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Methods For The Dissemination Of Educational Reform In Biomedical Engineering

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2006 Annual Conference & Exposition


Chicago, Illinois

Publication Date

June 18, 2006

Start Date

June 18, 2006

End Date

June 21, 2006



Conference Session

BME Curriculum Development

Tagged Division


Page Count


Page Numbers

11.928.1 - 11.928.7



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Paper Authors


Thomas Harris Vanderbilt University

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Thomas R. Harris is the Orrin Henry Ingram Distinguished Professor of Engineering and Professor of Biomedical Engineering, Chemical Engineering and Medicine at Vanderbilt University. He is currently Chair of the Department of Biomedical Engineering. He received B.S. and M.S. degrees in chemical engineering from Texas A&M University and the Ph.D. degree from Tulane University in that field. He holds an M.D. degree from Vanderbilt University. His current interests focus on the development of learning science and learning technology for bioengineering. He is currently the director of the National Science Foundation Engineering Research Center in Bioengineering Educational Technologies.

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Sean Brophy Purdue University

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Dr. Sean Brophy is Assistant Professor of Engineering Education at Purdue University. He is the Director of the Learning Science Thrust for the VaNTH ERC. He holds degrees in engineering and a Ph.D. in Teaching and Learning. He is an expert on learning science with an emphasis on the "How People Learn" educational framework and challenge-based instruction in engineering.

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Robert Linsenmeier Northwestern University

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Robert A. Linsenmeier is Professor of Biomedical Engineering and Neurobiology& Physiology at Northwestern University. He holds the Bette and Neisen Harris Chair of Teaching Excellence at Northwestern. He received a B.S. degree in chemical engineering from Carnegie -Mellon University and holds a Ph.D. in biomedical engineering from Northwestern University. He is an active investigator in the physiology of the eye and is Associate Director of the VaNTH ERC.

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Alene Harris Purdue University

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NOTE: The first page of text has been automatically extracted and included below in lieu of an abstract

Methods for the Dissemination of Educational Reform in Biomedical Engineering Abstract

The Vanderbilt-Northwestern-Texas-Harvard/MIT (VaNTH) Engineering Research Center in Bioengineering Educational Technologies has conducted research and development on methods to improve bioengineering education for the last 6 years. This project has sought to synthesize learning science, learning technology, assessment and evaluation and the domain knowledge of bioengineering so that new approaches to bioengineering education could be developed and tested. This project has resulted in a number of innovations that have been shown to improve the educational process in bioengineering. We are currently developing methods to disseminate these findings and make then available to the bioengineering educational community.

I. Introduction

Recently, there has been a significant concern expressed by academic, scientific, business and governmental leaders regarding the ability of the USA to compete in a global market1,2, 3 . A persistent theme in these discussions is the role and importance of scientific and engineering education in making the US workforce competitive. Issues regarding “innovation” are prominent in these discussions. Clough et al 2 emphasize that the “Engineer of 2020” should be characterized by strong analytical skills, practical ingenuity, creativity, high ethical standards, dynamism, agility, resilience, flexibility and abilities for lifelong learning as well as other important characteristics.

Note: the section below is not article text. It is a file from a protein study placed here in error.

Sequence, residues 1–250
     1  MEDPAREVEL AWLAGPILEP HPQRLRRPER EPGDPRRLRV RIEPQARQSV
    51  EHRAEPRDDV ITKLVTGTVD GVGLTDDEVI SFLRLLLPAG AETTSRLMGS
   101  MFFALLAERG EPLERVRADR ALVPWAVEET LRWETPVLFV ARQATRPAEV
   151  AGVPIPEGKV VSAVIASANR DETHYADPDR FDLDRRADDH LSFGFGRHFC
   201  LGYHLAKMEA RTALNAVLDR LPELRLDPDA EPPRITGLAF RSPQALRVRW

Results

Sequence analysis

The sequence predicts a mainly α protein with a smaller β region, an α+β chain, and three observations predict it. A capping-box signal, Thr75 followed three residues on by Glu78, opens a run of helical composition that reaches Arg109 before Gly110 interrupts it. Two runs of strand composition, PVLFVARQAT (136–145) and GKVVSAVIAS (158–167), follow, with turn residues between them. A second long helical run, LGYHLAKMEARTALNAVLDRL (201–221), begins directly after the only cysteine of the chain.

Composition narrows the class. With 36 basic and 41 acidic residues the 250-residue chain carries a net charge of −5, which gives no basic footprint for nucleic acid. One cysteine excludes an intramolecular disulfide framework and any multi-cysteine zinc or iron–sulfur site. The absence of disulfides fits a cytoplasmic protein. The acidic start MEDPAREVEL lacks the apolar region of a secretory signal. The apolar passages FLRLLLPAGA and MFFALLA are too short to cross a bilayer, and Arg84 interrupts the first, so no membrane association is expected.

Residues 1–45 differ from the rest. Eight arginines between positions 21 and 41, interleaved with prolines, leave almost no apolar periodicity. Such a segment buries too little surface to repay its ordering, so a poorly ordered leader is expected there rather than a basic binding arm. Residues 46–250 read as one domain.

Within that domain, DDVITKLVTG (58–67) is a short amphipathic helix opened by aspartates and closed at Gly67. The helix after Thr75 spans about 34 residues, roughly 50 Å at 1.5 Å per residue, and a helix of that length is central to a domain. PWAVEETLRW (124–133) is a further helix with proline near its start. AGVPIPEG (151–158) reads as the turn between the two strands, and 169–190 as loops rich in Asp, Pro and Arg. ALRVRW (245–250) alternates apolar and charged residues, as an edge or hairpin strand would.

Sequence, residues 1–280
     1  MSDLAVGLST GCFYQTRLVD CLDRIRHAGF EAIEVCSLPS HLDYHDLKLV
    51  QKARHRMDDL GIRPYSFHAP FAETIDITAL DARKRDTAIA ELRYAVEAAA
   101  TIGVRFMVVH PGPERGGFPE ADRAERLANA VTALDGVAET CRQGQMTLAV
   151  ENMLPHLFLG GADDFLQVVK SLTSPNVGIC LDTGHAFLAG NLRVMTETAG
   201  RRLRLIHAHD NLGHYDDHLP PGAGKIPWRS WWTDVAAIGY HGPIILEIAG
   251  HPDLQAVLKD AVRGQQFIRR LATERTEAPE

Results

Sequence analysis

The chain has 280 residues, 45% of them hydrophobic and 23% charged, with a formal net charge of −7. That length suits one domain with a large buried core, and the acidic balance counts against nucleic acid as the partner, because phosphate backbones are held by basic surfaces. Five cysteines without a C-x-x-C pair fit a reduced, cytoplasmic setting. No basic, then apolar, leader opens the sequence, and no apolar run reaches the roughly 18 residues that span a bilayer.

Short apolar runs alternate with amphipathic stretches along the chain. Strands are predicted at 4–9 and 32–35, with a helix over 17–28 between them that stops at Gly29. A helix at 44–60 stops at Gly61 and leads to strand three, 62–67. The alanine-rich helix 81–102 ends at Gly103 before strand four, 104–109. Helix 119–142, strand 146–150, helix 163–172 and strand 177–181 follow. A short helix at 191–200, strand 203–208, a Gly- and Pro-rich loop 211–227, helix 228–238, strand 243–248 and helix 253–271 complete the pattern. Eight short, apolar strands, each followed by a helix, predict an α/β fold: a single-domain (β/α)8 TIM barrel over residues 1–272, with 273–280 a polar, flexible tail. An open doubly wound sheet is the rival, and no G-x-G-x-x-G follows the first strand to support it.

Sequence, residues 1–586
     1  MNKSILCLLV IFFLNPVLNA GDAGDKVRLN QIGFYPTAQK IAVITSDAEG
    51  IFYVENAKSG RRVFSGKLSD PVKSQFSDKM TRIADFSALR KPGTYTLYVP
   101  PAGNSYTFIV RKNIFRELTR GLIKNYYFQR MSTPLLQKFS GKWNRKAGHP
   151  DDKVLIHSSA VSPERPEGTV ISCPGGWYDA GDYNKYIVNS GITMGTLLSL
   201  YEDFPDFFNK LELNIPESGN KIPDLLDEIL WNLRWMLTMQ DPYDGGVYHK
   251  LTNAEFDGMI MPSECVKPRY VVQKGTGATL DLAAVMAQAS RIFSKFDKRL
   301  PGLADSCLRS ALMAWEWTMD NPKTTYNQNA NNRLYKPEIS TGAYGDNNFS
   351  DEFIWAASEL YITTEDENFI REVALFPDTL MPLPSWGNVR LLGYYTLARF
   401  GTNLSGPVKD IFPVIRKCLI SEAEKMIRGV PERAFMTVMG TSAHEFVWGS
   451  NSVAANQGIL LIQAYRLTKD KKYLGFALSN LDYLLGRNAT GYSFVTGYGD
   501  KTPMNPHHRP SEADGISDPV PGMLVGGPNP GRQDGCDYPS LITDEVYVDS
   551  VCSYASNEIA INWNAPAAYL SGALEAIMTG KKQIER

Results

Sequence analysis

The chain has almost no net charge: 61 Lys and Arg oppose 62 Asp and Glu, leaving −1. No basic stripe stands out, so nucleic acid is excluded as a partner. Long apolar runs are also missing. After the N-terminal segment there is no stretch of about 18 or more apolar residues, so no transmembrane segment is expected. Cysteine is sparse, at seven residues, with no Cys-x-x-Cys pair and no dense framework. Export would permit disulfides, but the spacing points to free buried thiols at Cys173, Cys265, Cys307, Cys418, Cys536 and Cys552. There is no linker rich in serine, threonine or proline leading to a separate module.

We have been working on designs for bioengineering educational environments that seek to improve the effectiveness of bioengineering education and inculcate the principles discussed in the “2020” documents. VaNTH performed research that led to the development of principles for instructional design based on the educational paradigms presented in the NAS book “How People Learn”4 . These educational approaches are termed the “How People Learn Framework” (HPL)5. Instructional approaches were based on the Legacy Cycle method of instructional design6, 7which concentrates on presenting a challenge to the student, requesting them to generate ideas, providing resources for evaluation of these ideas including standard lectures and homework, provides methods for formative assessment and ends with a summative assessment report or test.

II. Barriers to Reform

This work has led to the identification of barriers to educational reform in bioengineering and to reform in engineering education in general. These barriers are as follows: • Barrier to the rapid use of technology in college instruction. • Barrier to the acceptance and utilization of the findings of learning science in bioengineering education. The bioengineering faculty culture concentrates on taxonomy- driven rather than challenge-driven instructional design. • Barrier to broad use of evaluation and assessment in testing educational innovations or measuring progress of educational programs.

Harris, T., & Brophy, S., & Linsenmeier, R., & Harris, A. (2006, June), Methods For The Dissemination Of Educational Reform In Biomedical Engineering Paper presented at 2006 Annual Conference & Exposition, Chicago, Illinois. 10.18260/1-2--811

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